Wednesday, May 21, 2014
Southern natives and newcomers alike are aware of the South's extensive history, both rich and tragic. While our home boasts a unique charm, the turbulence of the civil-rights era lingers in the foundations of Mississippi where it cannot—and should not—be forgotten. Though we southerners have achieved much in the wake of that time, it would be shameful to let the memories of all of the injustices committed and suffered fade entirely. It is in honor of these memories that the Mississippi Museum of Art hosts an exhibit about the late Norman Rockwell's "Murder in Mississippi."
LOOK Magazine originally commissioned the painting in 1964 as cover art for an issue containing an investigative report on the murders of three civil-rights activists: James Chaney, Andrew Goodman and Michael Schwerner. Though Rockwell normally juggled multiple projects, he dedicated himself entirely to this piece for five weeks, studying the circumstances of the murders and planning the details of his piece.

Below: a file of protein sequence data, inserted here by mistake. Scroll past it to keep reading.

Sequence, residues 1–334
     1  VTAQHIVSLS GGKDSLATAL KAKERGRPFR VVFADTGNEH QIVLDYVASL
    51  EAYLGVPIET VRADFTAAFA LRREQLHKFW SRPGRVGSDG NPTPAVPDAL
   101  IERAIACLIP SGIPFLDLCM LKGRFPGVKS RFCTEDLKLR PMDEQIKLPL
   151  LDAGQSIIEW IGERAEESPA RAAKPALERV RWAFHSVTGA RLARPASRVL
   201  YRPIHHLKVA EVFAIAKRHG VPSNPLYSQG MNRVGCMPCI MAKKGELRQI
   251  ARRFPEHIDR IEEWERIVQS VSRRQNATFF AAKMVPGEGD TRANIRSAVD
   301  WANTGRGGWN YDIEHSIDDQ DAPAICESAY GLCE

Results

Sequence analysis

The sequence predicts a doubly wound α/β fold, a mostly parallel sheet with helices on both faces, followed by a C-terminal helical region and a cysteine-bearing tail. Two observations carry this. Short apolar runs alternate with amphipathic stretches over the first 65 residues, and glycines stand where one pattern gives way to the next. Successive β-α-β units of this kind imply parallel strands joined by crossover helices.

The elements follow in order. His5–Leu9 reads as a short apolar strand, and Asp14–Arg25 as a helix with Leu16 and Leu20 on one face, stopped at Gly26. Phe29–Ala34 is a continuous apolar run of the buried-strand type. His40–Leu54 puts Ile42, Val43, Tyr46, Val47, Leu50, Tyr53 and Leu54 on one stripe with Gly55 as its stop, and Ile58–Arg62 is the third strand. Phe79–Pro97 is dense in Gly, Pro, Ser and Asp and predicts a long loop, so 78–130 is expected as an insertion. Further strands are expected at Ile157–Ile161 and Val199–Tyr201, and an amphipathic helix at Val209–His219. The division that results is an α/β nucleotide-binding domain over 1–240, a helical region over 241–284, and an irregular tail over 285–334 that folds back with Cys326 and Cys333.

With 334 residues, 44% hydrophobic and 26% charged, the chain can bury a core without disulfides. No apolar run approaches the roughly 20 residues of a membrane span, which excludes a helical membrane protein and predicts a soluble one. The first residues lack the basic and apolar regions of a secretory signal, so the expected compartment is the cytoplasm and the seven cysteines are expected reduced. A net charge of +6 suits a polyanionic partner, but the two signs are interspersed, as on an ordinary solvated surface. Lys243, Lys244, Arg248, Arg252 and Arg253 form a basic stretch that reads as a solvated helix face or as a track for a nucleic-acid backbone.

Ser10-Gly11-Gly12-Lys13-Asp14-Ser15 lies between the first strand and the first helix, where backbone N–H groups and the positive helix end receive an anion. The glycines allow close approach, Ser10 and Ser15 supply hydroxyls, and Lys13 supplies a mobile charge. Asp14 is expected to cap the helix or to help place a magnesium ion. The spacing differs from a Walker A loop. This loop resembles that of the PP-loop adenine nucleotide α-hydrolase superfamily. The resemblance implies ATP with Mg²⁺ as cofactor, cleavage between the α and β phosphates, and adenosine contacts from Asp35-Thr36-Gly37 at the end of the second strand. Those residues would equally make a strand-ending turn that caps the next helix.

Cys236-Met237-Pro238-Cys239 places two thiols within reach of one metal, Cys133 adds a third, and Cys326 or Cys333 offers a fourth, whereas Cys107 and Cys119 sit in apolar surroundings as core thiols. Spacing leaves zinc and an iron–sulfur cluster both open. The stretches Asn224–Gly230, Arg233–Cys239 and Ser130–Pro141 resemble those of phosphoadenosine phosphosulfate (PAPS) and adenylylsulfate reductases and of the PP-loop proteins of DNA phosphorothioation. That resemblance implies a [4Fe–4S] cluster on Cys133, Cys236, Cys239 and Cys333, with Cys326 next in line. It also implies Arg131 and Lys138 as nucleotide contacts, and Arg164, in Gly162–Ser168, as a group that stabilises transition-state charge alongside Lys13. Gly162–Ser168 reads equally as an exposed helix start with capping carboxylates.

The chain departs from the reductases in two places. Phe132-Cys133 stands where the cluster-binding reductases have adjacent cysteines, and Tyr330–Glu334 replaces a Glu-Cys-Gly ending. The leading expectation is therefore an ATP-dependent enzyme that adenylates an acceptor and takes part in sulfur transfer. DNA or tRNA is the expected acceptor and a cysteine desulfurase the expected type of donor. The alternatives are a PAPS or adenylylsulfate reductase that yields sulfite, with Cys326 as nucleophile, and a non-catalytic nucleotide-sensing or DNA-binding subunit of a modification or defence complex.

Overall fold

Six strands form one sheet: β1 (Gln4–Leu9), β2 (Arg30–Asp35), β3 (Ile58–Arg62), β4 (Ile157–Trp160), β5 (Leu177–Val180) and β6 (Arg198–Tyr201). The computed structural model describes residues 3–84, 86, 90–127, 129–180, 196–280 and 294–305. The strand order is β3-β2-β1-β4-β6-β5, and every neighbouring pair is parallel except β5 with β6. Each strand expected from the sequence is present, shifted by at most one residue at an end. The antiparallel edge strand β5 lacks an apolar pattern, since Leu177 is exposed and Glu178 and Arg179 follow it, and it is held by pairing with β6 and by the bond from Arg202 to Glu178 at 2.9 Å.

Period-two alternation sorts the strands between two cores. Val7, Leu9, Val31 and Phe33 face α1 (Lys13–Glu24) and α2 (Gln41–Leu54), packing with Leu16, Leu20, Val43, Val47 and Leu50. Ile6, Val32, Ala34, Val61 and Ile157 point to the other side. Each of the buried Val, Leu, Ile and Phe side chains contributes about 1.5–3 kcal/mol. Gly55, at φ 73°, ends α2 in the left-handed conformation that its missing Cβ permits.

The collection at the MMA consists of the artists' preliminary photographs and sketches, as well as the final product. The painting portrays the three victims in the light of an off-frame torch. Looming over them from the right of the frame are six ominous shadows. The fact that the trio is outnumbered serves as a reminder of the threat that all civil-rights activists were faced with at the time.
"Norman Rockwell: Murder in Mississippi" opens June 14, and will hang through Aug. 31 at the Mississippi Museum of Art (380 S. Lamar St., 601-960-1515). Admission is $10 for adults, $8 for seniors, and $5 for students; MMA members can get in free of charge.